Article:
On Femicide

In real life, and as mirrored in media images, women as a class are targeted for extermination. Women are murdered, disappeared, placed in harm’s way, tortured and raped until we die from it, but this is never addressed as a class issue or as comparable to other acts of deliberate, political genocide, even though it is.

We often encounter media images evocative of femicide by way of the female superhero or witch, who possess supernatural powers but against a historical backdrop of the Burning Times in which millions of allegedly supernaturally-powerful women were persecuted, tortured and murdered.

We are also confronted with images of female rape and murder victims, all of which exist within the broader context of global femicide (and necrophilia), but that context and the political implications of woman-murder are never discussed.

Why? Because…

Femicide supports male power. Males as a class are working very hard to destroy females as a class, and they are succeeding: globally, women are underrepresented due to “gendercide” against females, where female fetuses and babies are literally killed before or at the time of birth. In what the The Economist has dubbed “The Worldwide War on Baby Girls,” the male-supremacist ratio of males to females in many regions simply would not exist in nature: in some places there are over 130 males for every 100 females due to gendercide. In some places at different times in history, according to census takers, no girls were found at all. The result is that males exist in unnatural numbers globally and share power and resources amongst themselves without sharing it with girls and women — power which they actually lord over girls and women and which includes mandatory PIV and rape. And unnatural numbers of males lording sexual power over girls and women, and where female infants are then killed and males aren’t, exacerbates and perpetuates the problem of male global overrepresentation and unequal male political and physical power and resource-hoarding with no end in sight.

Images of “powerful” women often include unnaturally-powerful women, even though historically the female “witch” was not politically powerful and was actually the victim of terrible state-sanctioned persecution including brutal torture — including sexual torture and rape — and murder. Of course, as witches do not exist, and powerful women who were executed as witches were not supernaturally powerful, but exercising completely natural skills such as herbal medicine and midwifery, all women exercising legitimate skills, agency or “power” are doing so within a historical and political context where powerful and skilled women have been literally demonized and subjected to violent interpersonal and state control. And many women persecuted during the Burning Times were not unusually powerful at all and were targeted anyway, for being female and as a result of false confessions exacted under torture. Femicide is actually completely arbitrary, but for the fact that it targets women only: the details and the “whys” of women’s persecution, torture and murder under patriarchy are obfuscations of a political reality whereby women are targeted for execution by men globally, with the intent and effect being to support male power, and this has been the case for a long time.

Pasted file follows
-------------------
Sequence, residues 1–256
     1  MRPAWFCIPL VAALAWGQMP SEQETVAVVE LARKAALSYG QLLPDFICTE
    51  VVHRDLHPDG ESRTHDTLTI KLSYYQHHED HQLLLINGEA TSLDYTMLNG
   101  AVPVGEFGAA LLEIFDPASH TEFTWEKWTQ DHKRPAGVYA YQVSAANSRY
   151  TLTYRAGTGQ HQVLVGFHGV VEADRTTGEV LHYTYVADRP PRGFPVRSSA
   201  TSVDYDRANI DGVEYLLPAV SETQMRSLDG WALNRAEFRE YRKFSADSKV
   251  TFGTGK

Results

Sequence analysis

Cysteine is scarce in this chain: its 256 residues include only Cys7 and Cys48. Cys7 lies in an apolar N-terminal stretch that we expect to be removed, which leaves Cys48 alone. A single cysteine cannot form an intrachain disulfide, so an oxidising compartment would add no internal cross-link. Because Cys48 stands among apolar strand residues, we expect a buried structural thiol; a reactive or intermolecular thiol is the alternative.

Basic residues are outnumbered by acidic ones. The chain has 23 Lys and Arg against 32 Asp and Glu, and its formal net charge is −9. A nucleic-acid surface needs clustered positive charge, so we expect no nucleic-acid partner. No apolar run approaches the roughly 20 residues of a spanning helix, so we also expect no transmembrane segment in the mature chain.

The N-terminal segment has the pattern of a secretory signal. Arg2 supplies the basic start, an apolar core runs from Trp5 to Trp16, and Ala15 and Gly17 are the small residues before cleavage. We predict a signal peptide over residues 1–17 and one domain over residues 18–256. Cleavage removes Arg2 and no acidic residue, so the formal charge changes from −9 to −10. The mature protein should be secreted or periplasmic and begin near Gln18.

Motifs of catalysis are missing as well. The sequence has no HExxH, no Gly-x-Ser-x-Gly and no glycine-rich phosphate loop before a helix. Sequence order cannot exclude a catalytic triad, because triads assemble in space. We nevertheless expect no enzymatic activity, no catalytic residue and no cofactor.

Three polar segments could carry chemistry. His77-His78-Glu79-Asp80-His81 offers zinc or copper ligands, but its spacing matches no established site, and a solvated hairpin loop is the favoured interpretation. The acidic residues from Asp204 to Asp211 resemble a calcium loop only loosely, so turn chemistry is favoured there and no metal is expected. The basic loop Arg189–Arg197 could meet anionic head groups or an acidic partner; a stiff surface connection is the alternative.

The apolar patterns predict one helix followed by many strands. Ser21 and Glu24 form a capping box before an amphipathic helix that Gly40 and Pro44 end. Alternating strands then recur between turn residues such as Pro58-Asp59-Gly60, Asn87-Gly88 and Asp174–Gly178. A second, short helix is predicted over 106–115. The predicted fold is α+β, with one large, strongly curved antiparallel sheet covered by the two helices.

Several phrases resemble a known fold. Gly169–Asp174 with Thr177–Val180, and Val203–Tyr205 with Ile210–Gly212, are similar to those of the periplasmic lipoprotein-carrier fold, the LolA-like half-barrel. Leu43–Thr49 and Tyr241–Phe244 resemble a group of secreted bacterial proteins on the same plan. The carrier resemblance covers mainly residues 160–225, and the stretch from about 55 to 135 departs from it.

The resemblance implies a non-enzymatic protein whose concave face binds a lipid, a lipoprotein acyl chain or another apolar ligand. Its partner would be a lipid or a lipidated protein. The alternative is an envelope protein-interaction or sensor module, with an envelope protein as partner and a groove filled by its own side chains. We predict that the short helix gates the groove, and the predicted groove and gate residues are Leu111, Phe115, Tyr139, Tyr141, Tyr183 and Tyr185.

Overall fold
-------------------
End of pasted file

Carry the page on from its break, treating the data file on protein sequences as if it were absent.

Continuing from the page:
The psychological effects of femicide generally and the Burning Times specifically on women (and men) are both conscious and unconscious, and the issue of female “power” and the realities of female powerlessness are politically and psychologically complicated and fraught with political and historical meaning which is ignored.  Instead, we see the issues of woman-murder and female power and powerlessness de-politicized and instead being individualized, as in discourses centering female “agency” and empowerment, or blaming individual women for their own powerlessness or dismissing women’s feelings of powerlessness as if they are incorrect. See also Necrophilia; Normalize abuse/neglect; Normalize porn/prostitution; PIV-centric narrative — Rape and rape culture; Reversal; Support patriarchal institutions (medicine/religion/law).

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6 responses to “On Femicide”

  1. witchwind says :

    For those who read French, there’s a post that relates to what’s said here on genocide of women and how it’s promoted by negationist language such as “sex ratio unbalance”, “infanticide”, “foeticide” or “demographic transition” or “preference for boys”. http://www.feministes-radicales.org/2012/04/15/are-women-human-2-2/

    Here’s more or less what she says:
    When male journalists talk about it as a disaster (ie the economist report), the only thing they fear and care about is that there won’t be enough women anymore to produce the next generation of men. They fear for men’s future and howl about their (possible) demise. They fear that men will suffer because they might have no women to enslave (marry) and they’re now having to fight over women.

    This is negationism. They mask what it really is: genocide, that is, organised and planned mass extermination of millions of women and girls and sending the survivors into prostitution, forced marriages, forced pregnancies and slavery.
    they also mask the agent and beneficiairies of this genocide: men. Men benefit from it collectively: they all benefit from “preference for boys”, which means this secures them a far higher economic, psychic and bodily autonomy/safety, with less competition with women for work and status. They benefit from it individually: access to raping women with impunity either through prostitution or forced marriage, free domestic labour, free production of male babies.